Aparan Reservoir

Work has been underway to do such repairs using concrete and stones for the stoppage to prevent losses in profit. Funds are set aside in the budget for repair work. The reservoirs and other water networks are the property of the government and fall under the control of the State Committee of Water Economy of the Ministry of Agriculture. Nevertheless, they are allocated to profiteers without compensation. Companies such as Sevan-Hrazdanyan-Jrar and Akhuryan-Arax-Jrar fall within the committee’s jurisdiction.

“Ask any water company how many hectares of land they irrigate, how much capital repair work they performed and they’ll all tell you [they don’t have enough funds], which only means the profiteer doesn’t comprehend the work that needs to be done,” Gevorkyan told Armef news. “They think that opening the valve not only means that water will flow, but also that money will come in. You can’t develop the rural economy this way. As a result of that, we’re using between 1-1.5 billion less cubic meters of water.”

Sevan’s Fixed Water Supply Limit Changed Four Times

Lake Sevan provides much of the water for irrigation in Armenia, especially the Ararat valley. It’s impossible to imagine irrigation in the country without Sevan’s resources.

The maximum amount of water that can be drained from Lake Sevan is defined by law, called the “Law on Lake Sevan’s Ecosystem Restoration, Conservation, Reproduction, and Annual Terms of Use and Authorization of Extensive Programs.” The law was passed in 2001 and went into effect on January 1, 2002. By law, the water drainage limit from Lake Sevan is capped at 170 million cubic meters. The law also states that the Armenian National Assembly can pass a measure to change the limit whenever deemed absolutely necessary.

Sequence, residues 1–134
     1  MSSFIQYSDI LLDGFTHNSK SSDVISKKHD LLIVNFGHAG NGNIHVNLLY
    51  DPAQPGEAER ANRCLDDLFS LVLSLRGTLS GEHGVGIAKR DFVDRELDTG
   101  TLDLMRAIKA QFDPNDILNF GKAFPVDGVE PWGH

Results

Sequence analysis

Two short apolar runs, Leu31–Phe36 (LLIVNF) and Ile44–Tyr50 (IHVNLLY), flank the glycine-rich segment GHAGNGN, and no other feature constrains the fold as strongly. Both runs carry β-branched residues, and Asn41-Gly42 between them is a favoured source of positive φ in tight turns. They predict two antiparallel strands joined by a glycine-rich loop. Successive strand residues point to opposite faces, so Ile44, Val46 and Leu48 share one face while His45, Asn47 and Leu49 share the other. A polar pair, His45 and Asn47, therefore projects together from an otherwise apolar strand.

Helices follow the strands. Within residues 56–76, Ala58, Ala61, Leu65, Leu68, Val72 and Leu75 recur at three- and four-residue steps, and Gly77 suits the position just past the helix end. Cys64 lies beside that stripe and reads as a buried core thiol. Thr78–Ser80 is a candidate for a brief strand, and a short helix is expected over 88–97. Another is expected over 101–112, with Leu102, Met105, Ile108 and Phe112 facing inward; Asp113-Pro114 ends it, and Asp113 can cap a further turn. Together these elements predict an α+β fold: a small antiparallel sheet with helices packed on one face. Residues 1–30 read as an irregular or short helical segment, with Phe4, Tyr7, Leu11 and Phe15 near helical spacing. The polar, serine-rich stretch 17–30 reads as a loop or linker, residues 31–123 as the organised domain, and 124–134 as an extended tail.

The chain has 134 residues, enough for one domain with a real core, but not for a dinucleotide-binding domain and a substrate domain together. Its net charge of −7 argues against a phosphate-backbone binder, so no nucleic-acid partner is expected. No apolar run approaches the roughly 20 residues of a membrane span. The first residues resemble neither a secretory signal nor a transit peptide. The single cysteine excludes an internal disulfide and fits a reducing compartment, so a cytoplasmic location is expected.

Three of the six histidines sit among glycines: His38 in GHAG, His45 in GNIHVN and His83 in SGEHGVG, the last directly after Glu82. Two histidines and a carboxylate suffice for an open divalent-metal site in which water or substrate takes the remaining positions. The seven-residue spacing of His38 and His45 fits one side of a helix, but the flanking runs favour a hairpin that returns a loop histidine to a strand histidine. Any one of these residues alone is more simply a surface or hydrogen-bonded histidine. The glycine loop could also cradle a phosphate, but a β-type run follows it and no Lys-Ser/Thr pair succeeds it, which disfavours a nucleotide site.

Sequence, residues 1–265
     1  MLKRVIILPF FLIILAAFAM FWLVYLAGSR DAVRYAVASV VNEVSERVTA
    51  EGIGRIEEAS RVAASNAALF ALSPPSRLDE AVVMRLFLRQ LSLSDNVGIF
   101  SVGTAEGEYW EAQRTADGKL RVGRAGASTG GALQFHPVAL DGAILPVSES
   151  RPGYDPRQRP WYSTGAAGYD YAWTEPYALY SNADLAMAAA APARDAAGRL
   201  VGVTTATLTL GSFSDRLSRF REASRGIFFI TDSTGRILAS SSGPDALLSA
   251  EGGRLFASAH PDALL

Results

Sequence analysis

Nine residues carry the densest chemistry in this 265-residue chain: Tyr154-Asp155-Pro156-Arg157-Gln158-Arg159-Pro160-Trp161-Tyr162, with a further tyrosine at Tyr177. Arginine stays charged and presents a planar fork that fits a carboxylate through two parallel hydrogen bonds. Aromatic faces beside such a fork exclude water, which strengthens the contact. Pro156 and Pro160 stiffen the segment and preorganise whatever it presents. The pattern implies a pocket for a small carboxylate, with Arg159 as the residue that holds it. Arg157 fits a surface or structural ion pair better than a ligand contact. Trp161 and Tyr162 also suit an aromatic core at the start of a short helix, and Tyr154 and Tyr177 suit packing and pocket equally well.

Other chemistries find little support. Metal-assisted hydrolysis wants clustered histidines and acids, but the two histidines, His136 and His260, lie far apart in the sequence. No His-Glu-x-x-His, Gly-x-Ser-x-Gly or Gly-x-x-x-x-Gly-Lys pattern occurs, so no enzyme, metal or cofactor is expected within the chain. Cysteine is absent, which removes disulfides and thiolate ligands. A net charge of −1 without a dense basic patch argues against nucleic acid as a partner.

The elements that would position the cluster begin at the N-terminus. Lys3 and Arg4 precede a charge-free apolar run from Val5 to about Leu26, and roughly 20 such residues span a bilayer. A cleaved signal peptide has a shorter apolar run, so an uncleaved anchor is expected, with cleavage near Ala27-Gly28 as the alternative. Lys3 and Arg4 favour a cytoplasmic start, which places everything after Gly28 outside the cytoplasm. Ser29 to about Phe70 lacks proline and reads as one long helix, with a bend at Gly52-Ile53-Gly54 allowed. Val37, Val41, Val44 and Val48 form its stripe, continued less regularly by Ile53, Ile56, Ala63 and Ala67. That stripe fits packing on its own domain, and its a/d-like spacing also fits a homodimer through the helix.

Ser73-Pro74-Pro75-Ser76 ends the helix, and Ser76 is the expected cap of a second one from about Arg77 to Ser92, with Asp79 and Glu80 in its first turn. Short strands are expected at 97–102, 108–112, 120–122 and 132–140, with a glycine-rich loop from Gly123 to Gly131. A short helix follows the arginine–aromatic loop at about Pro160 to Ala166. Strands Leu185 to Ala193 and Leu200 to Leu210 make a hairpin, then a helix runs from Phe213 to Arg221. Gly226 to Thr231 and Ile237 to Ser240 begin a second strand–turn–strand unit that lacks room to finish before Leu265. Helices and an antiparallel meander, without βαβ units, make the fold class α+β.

Lake Sevan

Since 2002 the water drainage limit has changed four times. In June 2008 the limit was increased to 240 million cubic meters. That August after thorough deliberations were made, the National Assembly increased the limit further to 360 million cubic meters by year’s end. Then in 2012, due to another water shortage, the limit was increased to 320 million cubic meters. The latest change to the limit was made last June, then set at 270 million cubic meters, 30 million more than had been originally proposed. Director of Sevan-Hrazdanyan-Jrar Director Samvel Hovhannisyan told Radio Liberty/Radio Free Europe that the company pushed for the increase as it was made evident during the third reading of the bill that the water limit proposed wasn’t enough for irrigation.

But that wasn’t the main reason. Along with Sevan, there was a water shortage in the Hrazdan rivers and Aparan and Azat reservoirs, and as a consequence of fallen underground water levels many wells and springs are no longer free flowing. The shortage in water caused problems in canals and pumping stations. There was also a problem at the Sevan-Hrazdan Hydro Power Plant. Environmental activists were sounding the alarm that 80 percent of the water from Sevan never made it to village residents due to a worn-out irrigation system, while Samvel Hovhannisyan claimed it was only 30-40 percent (out of 270 million cubic meters), in other words 81-108 million cubic meters of water.